Spring is finally here and oh, does the warmer weather feel good! Yet I won’t be putting away my soup recipes too soon, as this is a bumpy season where bright-lit days easily give way to damp and chilly ones. It’s nice to come home on a chilly spring evening and get warmed up with a bowl of chicken noodle soup, and the kind I make is chunky enough to be filling, making it the perfect main course for a light, spring supper. (Toss a salad to go with it and you have a well-rounded meal.) It’s also super easy to make. Depending on how quickly you can dice an onion, a couple carrots, and a store-bought rotisserie chicken, you can have it done in 30 to 40 minutes.
Aside from oil and seasonings, let’s quickly eyeball the main ingredients you’ll need:
Hopefully, this at-a-glance photo makes it easy to know what you’ll need to pick up at the store. The small amount of oil and seasonings that go into the soup are items you probably have on hand, but if you want to check to be sure, the full ingredient list is below:
Suzanne’s Chicken Noodle Soup
- 1 large onion
- 2 Carrots
- 2 Tablespoons Olive Oil (or other vegetable oil)
- Two 48-oz containers of chicken broth (12 cups/96-oz in total). When I have it on hand, I use homemade broth, but this soup is still pretty darn good with store-bought broth.
- 3 to 4 cups of Kluski-style egg noodles
- One 11-oz can of Green Giant brand “mexicorn” (or any other whole-kernal corn)
- One 14.5-oz can of diced tomatoes
- 1 Rotisserie chicken (medium in size), deboned and diced into bite-size pieces
- Seasonings of your preference. I use about a teaspoon each of dried sage, thyme, basil, oregano, and garlic powder. I also use a couple dashes of freshly ground black pepper.
- 2 to 3 teaspoons of honey or sugar (to balance the acidity of the tomatoes in the soup)
First, dice your onions and carrots. Don’t chop them too fine. The carrots should be in bite-size pieces that will fit nicely on a spoon.
Next, heat two tablespoons of olive oil in a large soup pot. When oil is hot, add onions and carrots and stir for a minute or two as you dial back the heat to a setting of medium-low. At this lower temperature, I usually put a lid on the soup pot and let the vegetables cook for five to seven minutes. You want to “sweat” the vegetables but not let them caramelize.
Now add the chicken broth to the pot — an amount of approximately 12 cups (96 oz). Return the burner to high and bring to a boil. While waiting, take your package of kluski noodles and measure out three to four cups. (Do not exceed this amount, as kluski are thick noodles that swell significantly when cooked. If you prefer to have your soup more on the brothy side, use only three cups).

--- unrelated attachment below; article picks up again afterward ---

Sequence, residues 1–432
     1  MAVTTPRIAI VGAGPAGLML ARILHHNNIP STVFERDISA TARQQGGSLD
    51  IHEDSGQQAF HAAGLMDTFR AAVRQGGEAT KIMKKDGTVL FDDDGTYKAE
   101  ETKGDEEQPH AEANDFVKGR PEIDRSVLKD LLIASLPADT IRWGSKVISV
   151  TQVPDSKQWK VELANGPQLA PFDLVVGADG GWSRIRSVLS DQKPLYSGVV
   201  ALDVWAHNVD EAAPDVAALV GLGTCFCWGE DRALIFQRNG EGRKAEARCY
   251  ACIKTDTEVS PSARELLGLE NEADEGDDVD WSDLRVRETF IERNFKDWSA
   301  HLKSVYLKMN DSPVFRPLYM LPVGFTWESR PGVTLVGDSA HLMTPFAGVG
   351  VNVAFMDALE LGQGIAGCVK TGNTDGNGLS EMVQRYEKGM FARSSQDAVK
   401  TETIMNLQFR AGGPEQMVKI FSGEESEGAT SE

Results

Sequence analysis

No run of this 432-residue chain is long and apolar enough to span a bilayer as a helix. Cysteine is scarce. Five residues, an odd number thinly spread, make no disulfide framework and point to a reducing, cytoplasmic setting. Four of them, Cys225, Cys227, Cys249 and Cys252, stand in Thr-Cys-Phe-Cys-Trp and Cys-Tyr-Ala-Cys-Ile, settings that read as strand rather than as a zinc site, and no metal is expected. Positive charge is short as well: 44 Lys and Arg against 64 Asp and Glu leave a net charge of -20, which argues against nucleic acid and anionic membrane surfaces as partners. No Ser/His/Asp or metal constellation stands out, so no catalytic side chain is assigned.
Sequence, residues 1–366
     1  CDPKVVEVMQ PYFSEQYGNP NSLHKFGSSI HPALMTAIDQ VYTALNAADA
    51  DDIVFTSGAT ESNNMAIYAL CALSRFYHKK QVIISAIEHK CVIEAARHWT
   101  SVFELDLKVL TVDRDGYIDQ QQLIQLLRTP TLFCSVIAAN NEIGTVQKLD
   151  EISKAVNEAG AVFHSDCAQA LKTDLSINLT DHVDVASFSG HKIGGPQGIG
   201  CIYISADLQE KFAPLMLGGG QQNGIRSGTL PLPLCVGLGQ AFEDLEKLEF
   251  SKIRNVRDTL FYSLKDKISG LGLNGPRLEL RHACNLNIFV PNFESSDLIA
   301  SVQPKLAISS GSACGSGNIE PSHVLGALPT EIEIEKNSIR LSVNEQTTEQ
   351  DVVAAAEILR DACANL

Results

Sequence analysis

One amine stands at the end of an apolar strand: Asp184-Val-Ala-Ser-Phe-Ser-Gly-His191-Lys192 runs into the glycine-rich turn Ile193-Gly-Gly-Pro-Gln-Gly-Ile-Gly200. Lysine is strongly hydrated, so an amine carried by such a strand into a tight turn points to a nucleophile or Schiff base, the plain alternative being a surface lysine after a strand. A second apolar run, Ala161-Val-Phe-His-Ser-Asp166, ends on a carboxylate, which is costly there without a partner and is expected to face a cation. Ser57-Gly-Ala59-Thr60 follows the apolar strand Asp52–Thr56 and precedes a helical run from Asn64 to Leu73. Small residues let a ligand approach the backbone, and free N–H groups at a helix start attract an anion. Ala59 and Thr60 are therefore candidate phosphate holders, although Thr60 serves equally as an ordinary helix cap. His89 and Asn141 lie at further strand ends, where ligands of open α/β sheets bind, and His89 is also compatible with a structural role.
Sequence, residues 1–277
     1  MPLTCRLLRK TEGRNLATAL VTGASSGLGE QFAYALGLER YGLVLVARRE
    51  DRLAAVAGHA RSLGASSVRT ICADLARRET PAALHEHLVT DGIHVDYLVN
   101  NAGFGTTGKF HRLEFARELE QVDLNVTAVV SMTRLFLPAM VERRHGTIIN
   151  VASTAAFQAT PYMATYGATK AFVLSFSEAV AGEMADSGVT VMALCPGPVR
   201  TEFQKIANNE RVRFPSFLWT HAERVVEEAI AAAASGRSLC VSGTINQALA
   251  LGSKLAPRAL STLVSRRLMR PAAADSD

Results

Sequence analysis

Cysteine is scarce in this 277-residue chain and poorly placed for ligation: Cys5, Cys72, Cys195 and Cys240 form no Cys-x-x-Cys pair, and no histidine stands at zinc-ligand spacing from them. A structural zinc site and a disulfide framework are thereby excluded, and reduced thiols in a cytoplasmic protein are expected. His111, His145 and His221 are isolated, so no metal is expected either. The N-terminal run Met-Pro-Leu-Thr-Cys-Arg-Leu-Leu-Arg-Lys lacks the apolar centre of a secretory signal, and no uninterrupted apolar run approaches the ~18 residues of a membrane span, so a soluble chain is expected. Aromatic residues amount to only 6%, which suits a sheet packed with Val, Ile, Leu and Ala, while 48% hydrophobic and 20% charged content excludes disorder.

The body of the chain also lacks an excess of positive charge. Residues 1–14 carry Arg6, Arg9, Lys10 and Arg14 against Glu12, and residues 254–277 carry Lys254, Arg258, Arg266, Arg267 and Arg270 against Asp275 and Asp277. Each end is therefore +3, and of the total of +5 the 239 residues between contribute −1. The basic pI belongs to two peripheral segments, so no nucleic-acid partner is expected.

Once the soup is boiling, add the kluski noodles, give them a stir, and wait for soup to return to its boil after adding them. Then immediately lower heat to medium-high and cook noodles until tender — ten to fifteen minutes, depending on what brand you purchased. During this time, it’s important to position a lid on your soup pot in such a way that it has space around it (see photo below) for steam to escape. (If you try cooking noodles without a lid at a rolling boil, you’ll lose too much broth to evaporation. But by the same token, you don’t want to fully cover the pot because the starch of the noodles will cause it to boil over.)
While noodles are cooking, tear the meat from the bones of the rotisserie chicken and cut into bite-sized pieces. Place the chopped chicken in a bowl and set aside, as it will be the last thing added to the soup.
Once the noodles are tender, add the cans of diced tomatoes and corn to the pot (being careful not to splash yourself with hot soup). 🙂 Remove lid from the pot and turn the heat up so that it returns to a boil. Allow to boil for one full minute, then take the pot off the stove.
Finally, add the chicken to the soup pot along with seasonings (garlic powder, black pepper, oregano, etc.). Finish by stirring in two to three teaspoons of honey to the finished soup. In a pot this large, you won’t taste the honey: it’s purpose is to take the acidic edge off of the tomatoes. If you’re leery, add a smaller amount and taste before adding more.
That’s it! Serve and enjoy.